Brian Rowan: Riddle as to why MI5 were interested in Kieran Doherty
Why would the security services MI5 have been interested in Kieran Doherty?
And what is meant by he was “known to police”?
These are just two of the questions that emerge from a killing that is a throwback to the past.
Mr Doherty’s near-naked body was dumped at the roadside, his hands bound and he had been shot in the head.
This was an execution — the type of killing that in the past would have been used to deliver a wider warning.
So how did the police know him?
“It’s certainly in the drugs world,” one source commented.
But that would not have been the security services’ interest in this man, if indeed they were interested.
“MI5 would have had no reason or authorisation to talk to him about drugs,” a source commented.
And then you get into that world of closed doors. That comment hints at something else, but gives no other information.
Late last year, in an interview with the Derry Journal newspaper, Kieran Doherty claimed the security services had approached him.
The MI5 role in Northern Ireland is national security — their focus here the dissident republican threat.
So, if the story of the approach is true, how did they think Doherty could help?
How would he be useful in the war against the dissidents?
It may well have been about who he knew and what he knew about that dissident world.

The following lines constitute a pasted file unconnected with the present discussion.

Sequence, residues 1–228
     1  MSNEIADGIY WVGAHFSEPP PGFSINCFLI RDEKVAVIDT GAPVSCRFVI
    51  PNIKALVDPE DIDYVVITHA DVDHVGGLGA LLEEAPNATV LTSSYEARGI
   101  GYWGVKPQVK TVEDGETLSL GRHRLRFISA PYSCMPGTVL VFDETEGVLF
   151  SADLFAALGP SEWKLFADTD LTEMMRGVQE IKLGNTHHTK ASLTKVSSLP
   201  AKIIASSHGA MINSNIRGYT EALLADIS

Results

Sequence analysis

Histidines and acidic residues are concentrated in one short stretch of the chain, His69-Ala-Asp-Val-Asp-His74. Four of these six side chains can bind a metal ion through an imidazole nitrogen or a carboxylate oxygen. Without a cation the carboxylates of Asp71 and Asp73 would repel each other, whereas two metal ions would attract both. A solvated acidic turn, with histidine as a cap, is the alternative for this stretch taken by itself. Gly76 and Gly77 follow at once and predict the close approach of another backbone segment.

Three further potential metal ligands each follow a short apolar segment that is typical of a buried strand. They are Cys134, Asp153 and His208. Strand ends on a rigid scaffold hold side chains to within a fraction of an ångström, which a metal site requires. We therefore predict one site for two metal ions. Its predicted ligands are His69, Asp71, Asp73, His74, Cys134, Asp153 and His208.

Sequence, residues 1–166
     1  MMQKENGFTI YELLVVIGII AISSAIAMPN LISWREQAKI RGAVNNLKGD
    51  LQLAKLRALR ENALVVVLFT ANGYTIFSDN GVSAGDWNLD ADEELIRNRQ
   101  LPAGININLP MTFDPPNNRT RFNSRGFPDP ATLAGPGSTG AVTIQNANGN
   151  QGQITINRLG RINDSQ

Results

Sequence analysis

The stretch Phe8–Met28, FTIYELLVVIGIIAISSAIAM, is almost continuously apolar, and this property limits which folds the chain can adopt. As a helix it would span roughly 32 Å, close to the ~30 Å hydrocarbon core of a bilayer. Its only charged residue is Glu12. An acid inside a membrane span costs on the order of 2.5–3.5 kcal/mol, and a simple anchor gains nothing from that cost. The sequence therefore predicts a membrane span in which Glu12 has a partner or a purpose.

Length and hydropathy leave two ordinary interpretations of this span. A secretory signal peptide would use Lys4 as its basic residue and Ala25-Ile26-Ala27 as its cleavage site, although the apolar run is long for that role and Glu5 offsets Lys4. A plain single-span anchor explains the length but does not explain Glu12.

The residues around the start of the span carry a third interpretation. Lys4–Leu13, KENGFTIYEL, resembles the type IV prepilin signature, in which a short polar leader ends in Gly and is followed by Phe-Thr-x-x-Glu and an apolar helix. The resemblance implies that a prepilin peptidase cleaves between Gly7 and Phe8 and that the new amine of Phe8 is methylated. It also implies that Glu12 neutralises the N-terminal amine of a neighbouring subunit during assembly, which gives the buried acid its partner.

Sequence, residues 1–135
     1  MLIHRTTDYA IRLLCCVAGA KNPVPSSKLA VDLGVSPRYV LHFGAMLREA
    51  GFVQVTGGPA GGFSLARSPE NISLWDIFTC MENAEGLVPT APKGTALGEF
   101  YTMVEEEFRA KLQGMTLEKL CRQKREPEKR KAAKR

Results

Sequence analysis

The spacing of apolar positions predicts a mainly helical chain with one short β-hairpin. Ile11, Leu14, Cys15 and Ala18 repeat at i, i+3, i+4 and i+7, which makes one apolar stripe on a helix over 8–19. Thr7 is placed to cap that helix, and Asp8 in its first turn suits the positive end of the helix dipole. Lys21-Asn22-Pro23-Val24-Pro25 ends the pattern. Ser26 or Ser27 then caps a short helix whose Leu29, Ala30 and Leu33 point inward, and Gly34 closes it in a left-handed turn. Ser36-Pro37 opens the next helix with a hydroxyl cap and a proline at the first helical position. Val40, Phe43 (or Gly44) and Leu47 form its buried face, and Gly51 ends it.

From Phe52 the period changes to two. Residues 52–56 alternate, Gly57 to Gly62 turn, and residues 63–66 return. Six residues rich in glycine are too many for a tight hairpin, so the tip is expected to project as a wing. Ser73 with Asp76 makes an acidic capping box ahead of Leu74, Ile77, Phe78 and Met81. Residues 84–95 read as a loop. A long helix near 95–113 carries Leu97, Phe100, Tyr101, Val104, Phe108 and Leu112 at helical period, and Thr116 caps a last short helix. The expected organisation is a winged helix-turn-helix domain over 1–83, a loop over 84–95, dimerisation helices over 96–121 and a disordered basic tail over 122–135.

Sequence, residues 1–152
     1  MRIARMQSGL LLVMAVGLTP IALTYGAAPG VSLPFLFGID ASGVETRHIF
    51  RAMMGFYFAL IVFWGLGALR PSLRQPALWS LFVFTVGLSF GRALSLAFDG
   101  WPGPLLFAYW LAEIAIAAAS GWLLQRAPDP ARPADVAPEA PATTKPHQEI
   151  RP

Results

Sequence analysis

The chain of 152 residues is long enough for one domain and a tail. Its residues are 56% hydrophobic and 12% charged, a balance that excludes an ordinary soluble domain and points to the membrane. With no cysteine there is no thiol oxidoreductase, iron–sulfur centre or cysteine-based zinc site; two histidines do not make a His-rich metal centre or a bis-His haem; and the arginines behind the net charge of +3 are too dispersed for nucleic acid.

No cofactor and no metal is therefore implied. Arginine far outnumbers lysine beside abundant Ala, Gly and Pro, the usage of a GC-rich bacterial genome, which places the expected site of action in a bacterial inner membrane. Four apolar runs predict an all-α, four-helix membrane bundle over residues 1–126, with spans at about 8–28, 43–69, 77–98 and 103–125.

Even before last night’s statement admitting the killing, fingers were being pointed at the Real IRA.
Martin McGuinness wanted the linked 32 County Sovereignty Movement to make a statement.
But people will remember that in its past the IRA took many people down lonely roads and ended their lives there.
All of what the dissidents are doing comes from an IRA book.
This latest shooting, the mortar bomb at Keady, the car bomb outside the courthouse in Newry, the booby-trap device under Peadar Heffron’s car — none of it is new.
We have seen it all before, and in this spread of dissident activity, tactics are being taken from one page and then another in that old IRA book.
The dissidents are doing all of the things the IRA did — not the same level of activity, but there is a gradual build-up.
Some unionists argue there is “a security solution” to this.
There is not.
Marching the Army back on stage, using special forces to confront the dissidents, it would be an over reaction at a time that calls for a measured response. Even in this build-up of activity, the dissidents are nowhere close to matching what the IRA once did – nowhere close to matching that capability for a sustained campaign.
This is not a re-run or a repeat of that old war.
It is a situation in which some of the tactics are being recycled.
The dissidents will not be condemned from the stage.
To some it will sound outrageous, but there is a better chance that talking would succeed — a dialogue done secretly and with the intention of persuading them that there is another way.